Air-guitar playing may never be the same again, thanks to a Kiwi innovation that could transform interactive games like Guitar Hero.
The state-of-the-art sensing gloves created by StretchSense, a University of Auckland spin-out company, draw on soft sensors set to replace wearable technology with a new generation of devices called "disappearables".
Along with gaming, the technology could help change the face of robotics, sports, motion capture and more.
StretchSense has already developed a range of other wearable applications with its soft-sensor technology - which might be described as rubber bands with Bluetooth - enabling the user to record real-time information about themselves while running, jumping or playing video games.
In Las Vegas this week, the latest innovation was revealed before hundreds of people at the global consumer electronics convention CES 2016.
In a performance at The Venetian casino, they were used to play air guitar on the Indian song Jai Ho, made famous by the 2008 film Slumdog Millionaire and by girl group The Pussycat Dolls.
The glove's inbuilt sensors allowed the performer to play virtually, without the use of a physical instrument, as the technology was able to measure the motion of the performer's fingers.
Creating this level of interaction in an unobtrusive and natural way had previously been a challenge for tech developers, because it required the measurement of precise hand movements.
"The glove conforms to and moves with the hand," said company co-founder Todd Gisby.
"It accurately captures our natural behaviour without getting in the way."
The gloves were an example of emerging "disappearables" - invisible, soft and lightweight devices that could integrate seamlessly with the wearer's clothing.
"Disappearables like our glove are more than just technology you don't see, it's about taking advantage of actions that already come as second nature to interact with technology in a way that's indistinguishable from normal behaviour," said Mr Gisby.
Motion-capture gloves had been around for some time but the underlying sensor technology had always held their development back, he said.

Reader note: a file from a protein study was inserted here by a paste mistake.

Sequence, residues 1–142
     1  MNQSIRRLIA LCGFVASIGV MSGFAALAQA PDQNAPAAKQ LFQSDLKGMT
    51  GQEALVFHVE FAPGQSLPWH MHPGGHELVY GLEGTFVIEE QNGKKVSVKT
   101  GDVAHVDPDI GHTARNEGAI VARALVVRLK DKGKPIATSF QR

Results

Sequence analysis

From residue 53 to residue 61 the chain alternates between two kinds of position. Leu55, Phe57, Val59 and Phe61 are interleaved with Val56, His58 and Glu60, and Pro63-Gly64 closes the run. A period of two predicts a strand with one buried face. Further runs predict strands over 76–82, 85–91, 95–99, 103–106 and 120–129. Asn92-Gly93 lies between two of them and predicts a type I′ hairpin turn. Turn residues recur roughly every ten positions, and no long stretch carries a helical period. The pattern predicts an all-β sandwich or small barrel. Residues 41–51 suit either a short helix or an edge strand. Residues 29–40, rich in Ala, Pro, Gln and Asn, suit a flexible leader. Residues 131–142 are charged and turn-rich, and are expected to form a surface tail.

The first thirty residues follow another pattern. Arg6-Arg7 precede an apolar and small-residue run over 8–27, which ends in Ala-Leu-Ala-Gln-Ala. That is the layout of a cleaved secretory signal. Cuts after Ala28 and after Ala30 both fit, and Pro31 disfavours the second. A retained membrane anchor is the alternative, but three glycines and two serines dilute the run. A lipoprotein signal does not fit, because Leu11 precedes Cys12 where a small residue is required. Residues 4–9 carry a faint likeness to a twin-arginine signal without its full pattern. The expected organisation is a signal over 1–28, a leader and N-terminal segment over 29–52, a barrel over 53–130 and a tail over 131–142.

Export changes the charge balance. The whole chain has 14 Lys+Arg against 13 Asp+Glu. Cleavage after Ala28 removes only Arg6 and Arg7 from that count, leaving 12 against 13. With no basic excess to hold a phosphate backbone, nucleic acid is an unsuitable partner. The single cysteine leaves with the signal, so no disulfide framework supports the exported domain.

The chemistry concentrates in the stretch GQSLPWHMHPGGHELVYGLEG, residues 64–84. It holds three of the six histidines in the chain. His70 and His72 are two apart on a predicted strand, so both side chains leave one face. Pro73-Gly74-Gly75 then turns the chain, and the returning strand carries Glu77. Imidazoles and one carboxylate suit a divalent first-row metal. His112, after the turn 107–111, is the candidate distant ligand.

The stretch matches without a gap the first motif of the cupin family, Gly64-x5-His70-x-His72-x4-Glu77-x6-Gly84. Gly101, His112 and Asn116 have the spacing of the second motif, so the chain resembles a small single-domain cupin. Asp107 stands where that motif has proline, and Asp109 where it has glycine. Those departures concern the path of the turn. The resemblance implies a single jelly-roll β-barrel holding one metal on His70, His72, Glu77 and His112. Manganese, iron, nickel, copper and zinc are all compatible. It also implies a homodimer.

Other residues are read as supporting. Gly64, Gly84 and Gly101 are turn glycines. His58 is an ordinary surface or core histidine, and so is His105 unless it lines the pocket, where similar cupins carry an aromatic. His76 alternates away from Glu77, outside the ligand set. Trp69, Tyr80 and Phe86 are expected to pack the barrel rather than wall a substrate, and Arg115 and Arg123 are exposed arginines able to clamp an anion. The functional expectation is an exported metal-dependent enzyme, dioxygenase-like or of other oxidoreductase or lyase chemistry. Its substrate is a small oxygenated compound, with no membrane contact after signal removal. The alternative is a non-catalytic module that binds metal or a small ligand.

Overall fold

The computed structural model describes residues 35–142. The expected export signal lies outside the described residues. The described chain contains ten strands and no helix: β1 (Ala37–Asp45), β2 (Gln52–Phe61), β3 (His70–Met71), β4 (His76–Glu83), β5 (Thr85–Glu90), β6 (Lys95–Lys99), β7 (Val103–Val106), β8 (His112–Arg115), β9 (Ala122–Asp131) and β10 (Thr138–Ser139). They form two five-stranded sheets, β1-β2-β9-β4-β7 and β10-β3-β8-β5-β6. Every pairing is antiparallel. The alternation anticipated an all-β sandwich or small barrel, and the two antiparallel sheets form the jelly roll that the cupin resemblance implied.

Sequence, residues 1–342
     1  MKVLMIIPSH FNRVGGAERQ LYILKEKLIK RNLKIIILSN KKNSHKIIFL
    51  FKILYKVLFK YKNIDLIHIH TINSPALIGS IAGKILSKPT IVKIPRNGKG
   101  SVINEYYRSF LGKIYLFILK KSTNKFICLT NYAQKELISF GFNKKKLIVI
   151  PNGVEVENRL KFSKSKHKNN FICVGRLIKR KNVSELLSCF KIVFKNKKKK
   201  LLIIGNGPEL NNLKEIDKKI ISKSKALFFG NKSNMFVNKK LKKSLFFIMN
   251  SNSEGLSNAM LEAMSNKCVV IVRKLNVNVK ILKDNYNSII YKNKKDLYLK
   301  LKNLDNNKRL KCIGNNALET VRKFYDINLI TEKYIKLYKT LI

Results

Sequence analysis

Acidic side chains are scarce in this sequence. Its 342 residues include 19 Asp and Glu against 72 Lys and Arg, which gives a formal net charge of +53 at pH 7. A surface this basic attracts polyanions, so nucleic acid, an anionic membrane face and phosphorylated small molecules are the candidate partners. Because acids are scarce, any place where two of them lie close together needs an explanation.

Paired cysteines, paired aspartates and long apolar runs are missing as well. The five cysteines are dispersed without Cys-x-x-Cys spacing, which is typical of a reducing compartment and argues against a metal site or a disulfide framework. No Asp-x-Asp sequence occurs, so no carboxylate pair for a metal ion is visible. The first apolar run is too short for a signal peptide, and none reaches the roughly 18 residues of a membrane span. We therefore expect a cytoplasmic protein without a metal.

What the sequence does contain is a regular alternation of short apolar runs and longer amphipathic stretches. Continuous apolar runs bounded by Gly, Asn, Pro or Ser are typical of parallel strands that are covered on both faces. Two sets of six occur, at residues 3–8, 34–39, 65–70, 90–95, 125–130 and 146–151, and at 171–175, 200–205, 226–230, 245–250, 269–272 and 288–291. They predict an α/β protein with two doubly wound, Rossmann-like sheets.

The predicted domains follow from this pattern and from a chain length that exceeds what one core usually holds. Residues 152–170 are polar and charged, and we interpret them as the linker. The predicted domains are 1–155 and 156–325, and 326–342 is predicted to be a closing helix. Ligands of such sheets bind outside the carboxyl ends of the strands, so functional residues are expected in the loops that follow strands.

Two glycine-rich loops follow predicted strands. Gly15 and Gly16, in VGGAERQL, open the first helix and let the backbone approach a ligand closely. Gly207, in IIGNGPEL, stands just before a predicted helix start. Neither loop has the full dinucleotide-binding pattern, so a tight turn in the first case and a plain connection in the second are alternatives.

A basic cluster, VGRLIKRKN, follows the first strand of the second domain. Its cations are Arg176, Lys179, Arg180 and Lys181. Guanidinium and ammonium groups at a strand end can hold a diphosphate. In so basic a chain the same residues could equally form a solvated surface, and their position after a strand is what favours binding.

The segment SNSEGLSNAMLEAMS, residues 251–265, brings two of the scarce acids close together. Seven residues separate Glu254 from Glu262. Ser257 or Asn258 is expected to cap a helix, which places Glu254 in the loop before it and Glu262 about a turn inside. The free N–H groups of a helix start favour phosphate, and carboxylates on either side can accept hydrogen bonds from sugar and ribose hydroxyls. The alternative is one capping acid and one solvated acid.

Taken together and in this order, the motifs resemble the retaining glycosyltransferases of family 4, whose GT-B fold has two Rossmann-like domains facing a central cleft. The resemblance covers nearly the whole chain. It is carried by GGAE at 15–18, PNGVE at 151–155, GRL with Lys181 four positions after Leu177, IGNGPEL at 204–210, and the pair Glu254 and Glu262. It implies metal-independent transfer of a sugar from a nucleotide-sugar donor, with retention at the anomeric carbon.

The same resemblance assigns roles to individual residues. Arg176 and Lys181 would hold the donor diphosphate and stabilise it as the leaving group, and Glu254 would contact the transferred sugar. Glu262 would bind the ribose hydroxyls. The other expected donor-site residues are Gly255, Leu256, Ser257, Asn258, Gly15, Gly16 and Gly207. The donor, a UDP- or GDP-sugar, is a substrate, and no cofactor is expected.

The gloves' sensors enabled the full precision that was needed for virtual reality, motion capture and the gaming industries, and had further potential uses for virtual musical instruments, robot controllers, and sportswear applications.
The gloves are among many colourful examples of Kiwi wearable tech innovations.
Others have included a mini-camera with 1080-pixel definition, a device that could help people unable to move or talk translate their thought patterns into computer commands, "smart fabric" for bandaging, a voice-restoring microphone and sensors to help people with hearing impairments communicate in dark or low-light situations.
How smart gloves work
• The gloves draw on soft-sensor technology developed by Kiwi company StretchSense, which has been described as like rubber bands with Bluetooth.
• A sensor hub, about the size of a button, on the back of the hand captures the motion data and integrates it with on-board accelerometers to recreate the movements and shape of the hand.
• In a demonstration by an air guitarist at the CES 2016 convention in Las Vegas this week, the gloves showed how the data could then used to synthesise the performance in real time.
• By fusing art with technology, the performance showed how wearables are moving beyond simple body tracking tools, and will soon provide seamless ways for users to interact with the virtual world.